This article exists as part of the online archive for HuffPost Australia, which closed in 2021.

Three Tips To Make Learning A Second Language Easier

Plus why kids are better at it than adults.
Anyone can do it.
chameleonseye via Getty Images
Anyone can do it.

Learning a second language is no easy task.

A lot of time and dedication is required, plus there is a significant amount of memorising of words and phrases. And even once you've learnt those, it takes both skill and confidence to use them in a real-life setting.

Well, Associate Professor Evan Kidd from the ARC Centre of Excellence for the Dynamics of Language says that anyone can learn a new language as long as they put enough time into the process.

"I think that almost anyone, if they give it a good enough shot, is going to have some abilities in a language with enough exposure and time," Kidd told HuffPost Australia.

According to Kidd, one of the biggest challenges adults face when learning a new language is approaching it with the knowledge of their mother tongue. Our brains are finely tuned to our first language and so we approach any new linguistic situation within the framework of that first language.

"The challenge in learning a second language is the fact that you have a first language," Kidd said. "Part of that is you are coming to your second language with knowledge of your first language."

So, what are some ways that we can make the language-learning process easier?

Three ways to make learning a new language easier

Use stock phrases

Learning a few generic and adaptable phrases in a new language can make it easier to use and also give you a template to build other terms using that same formula.

"It's good to have a few stock phrases because then you can start strapping off from those so you can say -- 'OK I have got this phrase and I can put different verbs in it and different nouns in it', which is actually how young kids tend to learn," Kidd said.


When you first start out, learning the basic grammar and vocabulary of any language is going to require time to create a solid linguistic foundation. This means a lot of dedication to learning the words and making an effort to remember those through practice.

"Inevitably, there are going to be instances where you are just going to need to memorise the rule because, let's face it, languages are weird entities."

Actually speak the language

Kidd said that in his experience, one of the most important things when learning a new language is making the effort to use it as much as possible.

"It's all fine and good to sit there and learn it and then do in a class, but you really have to talk and I think by virtue of talking that's when you really start to get much more sense that this is a communicative system and you really want to use that to communicate."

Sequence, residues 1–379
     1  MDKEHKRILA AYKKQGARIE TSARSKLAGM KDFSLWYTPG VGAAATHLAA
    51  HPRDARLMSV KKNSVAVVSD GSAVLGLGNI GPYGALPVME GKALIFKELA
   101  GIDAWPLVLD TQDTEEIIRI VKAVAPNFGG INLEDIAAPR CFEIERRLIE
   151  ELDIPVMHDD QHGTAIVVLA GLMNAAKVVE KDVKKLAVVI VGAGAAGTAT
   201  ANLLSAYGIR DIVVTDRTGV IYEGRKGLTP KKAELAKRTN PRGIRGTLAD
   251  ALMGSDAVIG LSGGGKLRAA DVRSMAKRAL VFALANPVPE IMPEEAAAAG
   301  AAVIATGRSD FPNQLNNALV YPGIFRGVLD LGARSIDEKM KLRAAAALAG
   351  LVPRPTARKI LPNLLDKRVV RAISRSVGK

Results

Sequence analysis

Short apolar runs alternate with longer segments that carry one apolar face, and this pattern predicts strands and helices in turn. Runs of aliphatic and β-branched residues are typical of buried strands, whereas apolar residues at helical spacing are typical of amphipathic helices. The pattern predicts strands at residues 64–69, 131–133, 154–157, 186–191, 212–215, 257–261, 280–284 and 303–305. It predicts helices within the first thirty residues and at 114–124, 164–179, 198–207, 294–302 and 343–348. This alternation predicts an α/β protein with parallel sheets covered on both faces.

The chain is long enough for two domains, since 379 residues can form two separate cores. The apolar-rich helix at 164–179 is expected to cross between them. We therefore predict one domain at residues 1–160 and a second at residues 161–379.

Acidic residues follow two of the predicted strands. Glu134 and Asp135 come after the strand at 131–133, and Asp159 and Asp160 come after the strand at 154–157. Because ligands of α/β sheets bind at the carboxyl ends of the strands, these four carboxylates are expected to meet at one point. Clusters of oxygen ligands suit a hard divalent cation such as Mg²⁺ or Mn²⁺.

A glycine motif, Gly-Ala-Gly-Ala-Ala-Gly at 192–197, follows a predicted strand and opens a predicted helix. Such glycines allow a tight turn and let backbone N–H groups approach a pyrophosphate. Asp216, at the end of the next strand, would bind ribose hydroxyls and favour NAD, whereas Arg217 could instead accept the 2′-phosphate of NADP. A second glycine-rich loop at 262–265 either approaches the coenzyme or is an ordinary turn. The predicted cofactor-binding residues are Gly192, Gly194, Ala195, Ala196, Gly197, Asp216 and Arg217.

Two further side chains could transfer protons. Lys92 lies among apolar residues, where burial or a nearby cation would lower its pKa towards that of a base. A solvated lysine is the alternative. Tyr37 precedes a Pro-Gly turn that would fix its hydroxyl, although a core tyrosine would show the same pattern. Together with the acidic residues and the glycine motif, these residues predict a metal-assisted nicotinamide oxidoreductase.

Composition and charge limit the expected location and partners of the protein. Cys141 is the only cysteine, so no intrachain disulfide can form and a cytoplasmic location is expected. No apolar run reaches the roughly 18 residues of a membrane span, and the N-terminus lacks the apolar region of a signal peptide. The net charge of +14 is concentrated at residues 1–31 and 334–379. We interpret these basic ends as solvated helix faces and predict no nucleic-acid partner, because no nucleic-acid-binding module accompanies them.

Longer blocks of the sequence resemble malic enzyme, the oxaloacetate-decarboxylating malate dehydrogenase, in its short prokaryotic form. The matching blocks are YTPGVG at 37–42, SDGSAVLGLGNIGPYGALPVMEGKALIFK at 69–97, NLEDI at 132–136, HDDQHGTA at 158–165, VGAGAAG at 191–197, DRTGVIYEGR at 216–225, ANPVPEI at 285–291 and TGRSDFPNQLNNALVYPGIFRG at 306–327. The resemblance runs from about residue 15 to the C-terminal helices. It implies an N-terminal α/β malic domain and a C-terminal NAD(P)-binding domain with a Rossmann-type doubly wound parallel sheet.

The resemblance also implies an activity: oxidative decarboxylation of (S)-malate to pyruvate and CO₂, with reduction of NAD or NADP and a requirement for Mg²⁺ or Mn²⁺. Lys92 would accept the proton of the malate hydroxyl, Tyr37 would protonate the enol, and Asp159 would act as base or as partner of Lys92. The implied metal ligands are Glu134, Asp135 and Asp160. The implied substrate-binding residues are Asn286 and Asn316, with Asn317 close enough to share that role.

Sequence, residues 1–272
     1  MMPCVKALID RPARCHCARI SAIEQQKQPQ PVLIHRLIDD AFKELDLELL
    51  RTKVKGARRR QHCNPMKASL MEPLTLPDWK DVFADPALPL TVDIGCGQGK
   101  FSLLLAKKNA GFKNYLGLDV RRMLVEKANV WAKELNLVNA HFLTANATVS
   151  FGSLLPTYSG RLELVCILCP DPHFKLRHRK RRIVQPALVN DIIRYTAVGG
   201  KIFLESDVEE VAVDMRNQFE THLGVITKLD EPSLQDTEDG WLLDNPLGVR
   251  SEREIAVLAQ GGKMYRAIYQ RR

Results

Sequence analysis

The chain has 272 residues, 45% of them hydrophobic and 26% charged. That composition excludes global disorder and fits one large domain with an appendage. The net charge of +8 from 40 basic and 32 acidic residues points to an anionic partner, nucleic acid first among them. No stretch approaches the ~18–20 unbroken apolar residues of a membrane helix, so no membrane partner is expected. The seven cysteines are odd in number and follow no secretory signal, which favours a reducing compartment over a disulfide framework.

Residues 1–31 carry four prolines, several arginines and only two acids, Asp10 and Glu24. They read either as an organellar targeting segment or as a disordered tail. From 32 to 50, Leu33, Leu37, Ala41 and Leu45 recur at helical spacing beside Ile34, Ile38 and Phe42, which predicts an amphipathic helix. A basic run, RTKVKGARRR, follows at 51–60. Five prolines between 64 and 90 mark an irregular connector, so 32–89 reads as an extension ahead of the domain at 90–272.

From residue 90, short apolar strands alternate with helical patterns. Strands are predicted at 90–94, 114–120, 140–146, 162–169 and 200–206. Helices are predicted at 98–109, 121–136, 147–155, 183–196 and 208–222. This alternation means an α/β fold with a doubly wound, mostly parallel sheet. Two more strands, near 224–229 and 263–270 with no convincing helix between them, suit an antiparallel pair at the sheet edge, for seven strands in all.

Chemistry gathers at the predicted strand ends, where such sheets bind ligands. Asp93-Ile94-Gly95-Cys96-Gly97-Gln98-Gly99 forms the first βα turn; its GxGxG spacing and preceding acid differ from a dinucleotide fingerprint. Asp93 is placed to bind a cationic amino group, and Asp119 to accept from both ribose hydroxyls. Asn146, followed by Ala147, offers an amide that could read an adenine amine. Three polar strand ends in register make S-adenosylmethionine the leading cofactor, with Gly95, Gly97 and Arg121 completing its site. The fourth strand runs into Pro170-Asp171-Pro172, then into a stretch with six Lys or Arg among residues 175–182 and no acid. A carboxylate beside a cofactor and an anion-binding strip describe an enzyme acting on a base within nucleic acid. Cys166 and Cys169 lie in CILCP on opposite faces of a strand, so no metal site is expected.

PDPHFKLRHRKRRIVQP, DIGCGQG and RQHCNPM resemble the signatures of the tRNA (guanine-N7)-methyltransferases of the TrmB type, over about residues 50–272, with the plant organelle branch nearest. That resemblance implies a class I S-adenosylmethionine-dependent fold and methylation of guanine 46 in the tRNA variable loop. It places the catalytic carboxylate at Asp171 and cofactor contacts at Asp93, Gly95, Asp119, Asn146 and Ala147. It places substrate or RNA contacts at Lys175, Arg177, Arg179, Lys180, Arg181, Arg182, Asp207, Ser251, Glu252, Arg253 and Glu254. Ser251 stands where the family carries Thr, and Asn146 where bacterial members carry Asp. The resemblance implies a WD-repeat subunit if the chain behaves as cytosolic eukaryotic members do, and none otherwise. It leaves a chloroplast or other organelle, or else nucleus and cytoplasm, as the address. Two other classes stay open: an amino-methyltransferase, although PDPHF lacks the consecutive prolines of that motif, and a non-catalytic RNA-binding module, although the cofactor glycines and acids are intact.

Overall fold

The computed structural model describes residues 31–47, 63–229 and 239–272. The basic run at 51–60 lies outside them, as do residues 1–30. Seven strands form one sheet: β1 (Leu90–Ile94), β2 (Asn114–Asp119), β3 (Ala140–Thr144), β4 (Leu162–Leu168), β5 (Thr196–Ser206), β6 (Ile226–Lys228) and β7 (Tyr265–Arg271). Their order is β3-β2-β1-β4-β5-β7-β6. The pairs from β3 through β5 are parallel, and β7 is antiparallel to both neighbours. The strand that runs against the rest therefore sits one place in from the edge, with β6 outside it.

"[It's a] combination between memorisation and a little bit of 'extraversion' and having a go."

Children are exposed to languages at a very young age, even from the time they are in the womb. The process of acquiring language begins with sounds and language rhythms and eventually builds up to words and sentences.

"One of the cool things about infants when they are born is they have the ability to perceive the difference between any sound that the human vocal tract can make, and the thing is that any one language will only use a subset of those sounds," Kidd said.

An interesting example of how this works can be found when the English and Japanese languages are compared.

"In English we have a distinction between the 'R' sound and the 'L' sound but in Japanese they don't have that distinction -- they've got one which is between these two sounds," Kidd explained.

"So, what happens when a Japanese infant is born is that they can distinguish between the 'R' and 'L' sounds but once they get to about 12 months they can't do it anymore and that is because their language doesn't have it."

Children under 12 months can identify every sound a human voice tract can make.
Getty Images/Moment RF
Children under 12 months can identify every sound a human voice tract can make.

As humans lose this ability around the age of 12 months, we become unable to accurately distinguish some sounds that our mother tongue doesn't use. It's in this way that learning a first and a second language is fundamentally different.

Most of us can't remember learning our first language because it was effortless and occurred over a long period of time, but acquiring that second one requires a lot of hard work.

"I guess what the one distinction between a first language and second language is that first language acquisition is really implicit and a second language can be more explicit."

The explicit nature of learning a second language means that we are very aware of how much energy and dedication it takes to be able to speak any language well. Kidd says that being as confident as possible with another language could be the gateway to your success.

"Let's face it, there is nothing more humbling than learning a second language and using it because you just revert to [being] a two-year-old."

This article exists as part of the online archive for HuffPost Australia. Certain site features have been disabled. If you have questions or concerns, please check our FAQ or contact